Japan Starts MOX Burning Reactor and Small Dose Radiation Risks Are Lower

1. Japan’s first ever nuclear power reactor to use mixed oxide (MOX) fuel assemblies is now operating at full capacity, fuel supplier Areva has announced. Kyushu’s Genkai 3 was loaded with the fuel fabricated from uranium and the plutonium recovered from previously used nuclear fuel in October.

Recycling of plutonium in MOX is to play a key role in Japan’s future nuclear fuel cycle, and two other utilities – Shikoku Electric Power Co and Chubu Electric Power Co – plan to introduce MOX fuel into their reactors in or after 2010.

2. The risks of small radiation doses could have been exaggerated, the Electric Power Research Institute (EPRI) has found. This matters because we should not waste money trying to protect against things that are not actually dangerous. We do not spend money trying to protect against 2 mile per hour collisions or lower because those kind of collisions are not dangerous. Trying to protect against those kinds of collisions would mean spending trillions of dollars without any increase in safety.

The risks from small doses over longer periods have been largely assumed under the ‘linear-no threshold’ model, which implies that any level of radiation exposure – no matter how small – would cause a corresponding level of biological damage.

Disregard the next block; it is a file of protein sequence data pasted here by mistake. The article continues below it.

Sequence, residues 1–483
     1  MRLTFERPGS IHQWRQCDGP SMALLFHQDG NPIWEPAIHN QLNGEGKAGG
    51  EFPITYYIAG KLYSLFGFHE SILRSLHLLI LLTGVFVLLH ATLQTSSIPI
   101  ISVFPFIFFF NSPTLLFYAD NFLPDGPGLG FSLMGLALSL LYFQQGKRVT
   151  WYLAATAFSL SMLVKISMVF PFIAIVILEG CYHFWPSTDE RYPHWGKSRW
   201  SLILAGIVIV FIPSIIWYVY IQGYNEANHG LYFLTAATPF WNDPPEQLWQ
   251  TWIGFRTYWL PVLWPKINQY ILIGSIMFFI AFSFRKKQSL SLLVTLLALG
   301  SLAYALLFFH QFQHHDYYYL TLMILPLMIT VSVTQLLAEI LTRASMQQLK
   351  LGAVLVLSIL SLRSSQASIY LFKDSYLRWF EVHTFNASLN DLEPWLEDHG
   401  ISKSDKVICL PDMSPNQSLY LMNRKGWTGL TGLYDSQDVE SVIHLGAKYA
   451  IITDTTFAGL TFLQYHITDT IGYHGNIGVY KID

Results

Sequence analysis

After collating more than 200 peer-reviewed publications on the topic, EPRI was able to conclude that this methodology may have been over-estimating the risks. Different mechanisms are at work at each end of the scale, EPRI found from recent studies, and “when radiation is delivered at a low dose rate (i.e. over a longer time period), it is much less effective in producing biological changes than when the same dose is delivered in a short time period.”

The data covers more than 100,000 workers per year at US nuclear power plants. Nobody has been exposed to more than the US regulatory annual limit of 50 rem (0.5 Sv) since 1989. “Doses of less than 10 rem (0.1 Sv) in a single exposure are too small to allow detection of any statistically significant excess cancers,” said EPRI.

The Ritch letter focused on the currently ongoing revision of the IAEA Basic Safety Standards and a proposal to reduce dose limits for the public from 1 mSv per year to 0.3 mSv. Ritch warned that a “wholly theoretical gain in radiation safety could take precedence over, and act to the detriment of, the real gains in public health and environmental protection that can be achieved through a worldwide expansion of nuclear power.”

The tendency to strive for ever-lower radiation doses in the absence of evidence of real health gains “undercuts the fundamental, well-established principle of optimisation of doses, which entails that a judicious balance be struck among real risks and benefits,” said Ritch.

In practical terms, a constant drive for lower doses would lead to increasing cost and complication for nuclear operators and regulators, with no measurable benefit for workers or the public.